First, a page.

A deregulation bill aimed at boosting energy production on federal lands cleared a U.S. House committee Wednesday.
Known as the SECURE American Energy Act, the bill would remove several limits on Arctic drilling. It would undo former President Obama’s decision to close off most Arctic waters to leasing. And it would allow states to take over management of oil and gas development on federal land.
Alaska Congressman Don Young says states would do a better job, because, Young claims, federal employees try to block development.
“They don’t want to drill oil,” Young said in the House Natural Resources Committee . “I wish they’d fess up to it. At least we’d know for sure where their loyalty lies. But I really believe if we don’t continue the way they do in Alaska and the Western states, we’ll fall back in that trap of be(ing) dependent on the Middle East countries.”
Young says he also likes that the bill would share offshore revenues with coastal states. Alaska would get 37.5 percent of the proceeds from leasing and development in federal Arctic waters.
But Katy Siddall, a director of government relations for The Wilderness Society, says the bill is part of a broader “sell-out” campaign.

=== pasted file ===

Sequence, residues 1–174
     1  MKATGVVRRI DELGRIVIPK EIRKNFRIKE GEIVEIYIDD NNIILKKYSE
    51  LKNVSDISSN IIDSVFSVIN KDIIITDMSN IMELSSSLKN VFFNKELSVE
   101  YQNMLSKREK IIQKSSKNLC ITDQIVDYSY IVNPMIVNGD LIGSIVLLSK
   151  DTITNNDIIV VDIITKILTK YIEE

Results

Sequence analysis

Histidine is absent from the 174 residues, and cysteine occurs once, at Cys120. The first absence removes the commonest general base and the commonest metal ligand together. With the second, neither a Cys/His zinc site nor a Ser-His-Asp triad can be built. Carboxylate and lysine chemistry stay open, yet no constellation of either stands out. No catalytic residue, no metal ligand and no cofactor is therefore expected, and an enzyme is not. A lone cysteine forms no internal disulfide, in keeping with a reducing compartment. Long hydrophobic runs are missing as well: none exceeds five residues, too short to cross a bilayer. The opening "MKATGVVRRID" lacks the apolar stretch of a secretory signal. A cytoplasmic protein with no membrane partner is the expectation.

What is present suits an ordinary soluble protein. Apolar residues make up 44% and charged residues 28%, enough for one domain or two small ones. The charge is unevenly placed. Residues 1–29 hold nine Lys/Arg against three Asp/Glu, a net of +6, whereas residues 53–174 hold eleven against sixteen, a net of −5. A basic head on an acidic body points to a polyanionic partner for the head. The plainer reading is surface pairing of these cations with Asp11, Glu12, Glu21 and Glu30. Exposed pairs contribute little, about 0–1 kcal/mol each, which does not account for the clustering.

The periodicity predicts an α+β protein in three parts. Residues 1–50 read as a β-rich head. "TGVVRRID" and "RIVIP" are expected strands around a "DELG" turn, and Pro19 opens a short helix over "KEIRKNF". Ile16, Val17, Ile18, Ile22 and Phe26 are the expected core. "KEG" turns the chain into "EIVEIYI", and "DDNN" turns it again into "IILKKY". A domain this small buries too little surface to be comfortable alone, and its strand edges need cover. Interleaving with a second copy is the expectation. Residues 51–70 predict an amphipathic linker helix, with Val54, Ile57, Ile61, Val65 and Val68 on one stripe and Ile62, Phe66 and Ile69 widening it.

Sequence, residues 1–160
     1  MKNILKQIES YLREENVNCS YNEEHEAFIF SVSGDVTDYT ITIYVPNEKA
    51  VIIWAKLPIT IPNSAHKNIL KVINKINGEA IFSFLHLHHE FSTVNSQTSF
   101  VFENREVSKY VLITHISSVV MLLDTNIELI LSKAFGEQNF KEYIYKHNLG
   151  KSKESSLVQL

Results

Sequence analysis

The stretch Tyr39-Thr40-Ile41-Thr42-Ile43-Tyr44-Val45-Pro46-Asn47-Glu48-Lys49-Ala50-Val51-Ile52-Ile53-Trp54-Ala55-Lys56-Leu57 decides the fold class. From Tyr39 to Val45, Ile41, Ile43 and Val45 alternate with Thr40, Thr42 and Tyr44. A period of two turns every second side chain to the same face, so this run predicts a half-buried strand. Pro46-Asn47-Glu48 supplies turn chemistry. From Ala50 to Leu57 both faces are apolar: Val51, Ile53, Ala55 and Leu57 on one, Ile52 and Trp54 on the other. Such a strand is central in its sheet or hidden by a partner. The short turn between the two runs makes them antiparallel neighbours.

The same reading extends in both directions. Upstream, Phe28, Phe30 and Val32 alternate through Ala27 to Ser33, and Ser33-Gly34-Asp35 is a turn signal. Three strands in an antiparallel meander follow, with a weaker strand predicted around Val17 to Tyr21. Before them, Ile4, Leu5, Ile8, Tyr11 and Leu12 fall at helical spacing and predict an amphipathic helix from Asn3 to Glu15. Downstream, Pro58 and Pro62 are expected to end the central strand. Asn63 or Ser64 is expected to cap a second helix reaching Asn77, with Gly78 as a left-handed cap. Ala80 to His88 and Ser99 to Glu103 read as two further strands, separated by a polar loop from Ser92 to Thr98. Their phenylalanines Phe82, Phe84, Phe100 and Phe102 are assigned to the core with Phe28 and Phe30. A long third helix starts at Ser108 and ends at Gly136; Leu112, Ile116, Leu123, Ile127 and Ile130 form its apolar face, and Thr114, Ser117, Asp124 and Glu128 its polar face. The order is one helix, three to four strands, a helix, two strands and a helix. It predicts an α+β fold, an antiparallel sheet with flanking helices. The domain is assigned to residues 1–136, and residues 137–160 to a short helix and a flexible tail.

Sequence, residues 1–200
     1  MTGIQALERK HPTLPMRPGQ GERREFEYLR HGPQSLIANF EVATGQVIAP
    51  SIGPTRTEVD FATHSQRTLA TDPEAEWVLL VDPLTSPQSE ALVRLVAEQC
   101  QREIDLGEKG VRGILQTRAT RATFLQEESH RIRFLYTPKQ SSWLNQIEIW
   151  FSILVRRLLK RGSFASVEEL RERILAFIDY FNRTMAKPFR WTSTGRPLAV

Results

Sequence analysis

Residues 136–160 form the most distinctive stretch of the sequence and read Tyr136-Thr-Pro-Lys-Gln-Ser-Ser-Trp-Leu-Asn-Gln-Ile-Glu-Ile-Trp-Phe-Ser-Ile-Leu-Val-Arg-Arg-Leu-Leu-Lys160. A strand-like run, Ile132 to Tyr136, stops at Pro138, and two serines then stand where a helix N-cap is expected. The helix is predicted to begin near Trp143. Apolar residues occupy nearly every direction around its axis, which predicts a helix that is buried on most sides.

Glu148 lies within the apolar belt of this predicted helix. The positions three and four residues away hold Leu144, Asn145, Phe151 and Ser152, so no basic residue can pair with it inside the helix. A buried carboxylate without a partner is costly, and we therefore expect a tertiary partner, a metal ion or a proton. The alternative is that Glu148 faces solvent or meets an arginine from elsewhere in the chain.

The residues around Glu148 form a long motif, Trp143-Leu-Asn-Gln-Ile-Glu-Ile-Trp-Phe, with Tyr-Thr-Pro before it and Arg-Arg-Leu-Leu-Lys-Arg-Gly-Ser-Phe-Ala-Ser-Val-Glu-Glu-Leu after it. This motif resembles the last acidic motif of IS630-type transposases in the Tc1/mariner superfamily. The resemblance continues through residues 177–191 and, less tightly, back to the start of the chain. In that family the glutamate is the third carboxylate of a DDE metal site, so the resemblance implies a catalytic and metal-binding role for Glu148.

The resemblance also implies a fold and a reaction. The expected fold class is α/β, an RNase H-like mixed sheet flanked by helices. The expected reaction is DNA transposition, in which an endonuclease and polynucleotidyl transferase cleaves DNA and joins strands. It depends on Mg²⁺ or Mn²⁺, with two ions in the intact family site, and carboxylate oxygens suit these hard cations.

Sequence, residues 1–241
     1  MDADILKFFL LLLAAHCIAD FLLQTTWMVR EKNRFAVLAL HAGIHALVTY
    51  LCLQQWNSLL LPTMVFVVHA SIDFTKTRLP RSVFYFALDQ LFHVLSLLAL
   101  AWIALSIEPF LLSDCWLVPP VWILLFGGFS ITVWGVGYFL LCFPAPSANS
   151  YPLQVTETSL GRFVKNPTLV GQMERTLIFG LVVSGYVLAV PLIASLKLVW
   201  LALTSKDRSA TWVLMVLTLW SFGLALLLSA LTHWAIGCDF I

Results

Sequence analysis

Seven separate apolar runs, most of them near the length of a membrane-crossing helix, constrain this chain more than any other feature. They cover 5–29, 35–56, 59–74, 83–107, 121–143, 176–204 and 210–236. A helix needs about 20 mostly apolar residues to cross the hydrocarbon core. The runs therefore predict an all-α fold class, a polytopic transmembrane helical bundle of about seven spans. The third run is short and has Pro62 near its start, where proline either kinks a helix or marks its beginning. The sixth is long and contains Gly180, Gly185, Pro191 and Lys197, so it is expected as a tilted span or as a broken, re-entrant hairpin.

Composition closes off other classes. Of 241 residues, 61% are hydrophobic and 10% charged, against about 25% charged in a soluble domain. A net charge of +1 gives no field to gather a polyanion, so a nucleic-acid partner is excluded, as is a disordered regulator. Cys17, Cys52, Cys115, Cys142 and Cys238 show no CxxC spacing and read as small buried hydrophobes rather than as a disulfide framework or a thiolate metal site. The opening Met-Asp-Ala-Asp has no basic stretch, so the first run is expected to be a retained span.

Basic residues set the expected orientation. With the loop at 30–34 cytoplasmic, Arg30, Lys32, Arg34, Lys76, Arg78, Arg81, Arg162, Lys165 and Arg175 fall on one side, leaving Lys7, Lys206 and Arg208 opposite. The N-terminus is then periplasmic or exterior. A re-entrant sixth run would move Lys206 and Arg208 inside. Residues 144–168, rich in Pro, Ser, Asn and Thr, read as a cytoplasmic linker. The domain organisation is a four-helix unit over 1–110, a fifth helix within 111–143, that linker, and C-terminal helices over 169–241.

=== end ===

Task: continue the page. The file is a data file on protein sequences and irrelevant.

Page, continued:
“This is a bill that is par for the course in what we’re seeing out of, not just the House but the Senate and the administration, on trying to drill anywhere these guys can and hand-off our public lands to private interests,” Siddall said.
Siddall says if states take over as regulators on federal lands, the public would lose transparency and opportunities to weigh in.
One of the bill’s worst provisions, as Siddall sees it, is that it would scrap the 2016 safety rules for offshore Arctic drilling.
“It’s already one of the most dangerous place to explore for oil and gas,” Siddall said. “And this just, one, it makes it easier to drill, and two, it makes it even more dangerous.”
Young, on the other hand, maintains the Obama administration’s Arctic drilling regs make future exploration nearly impossible.
The SECURE bill now moves to the House floor. It is sponsored by House Majority Whip Steve Scalise, R-La. His leadership position makes it likely the bill will be brought up for a vote.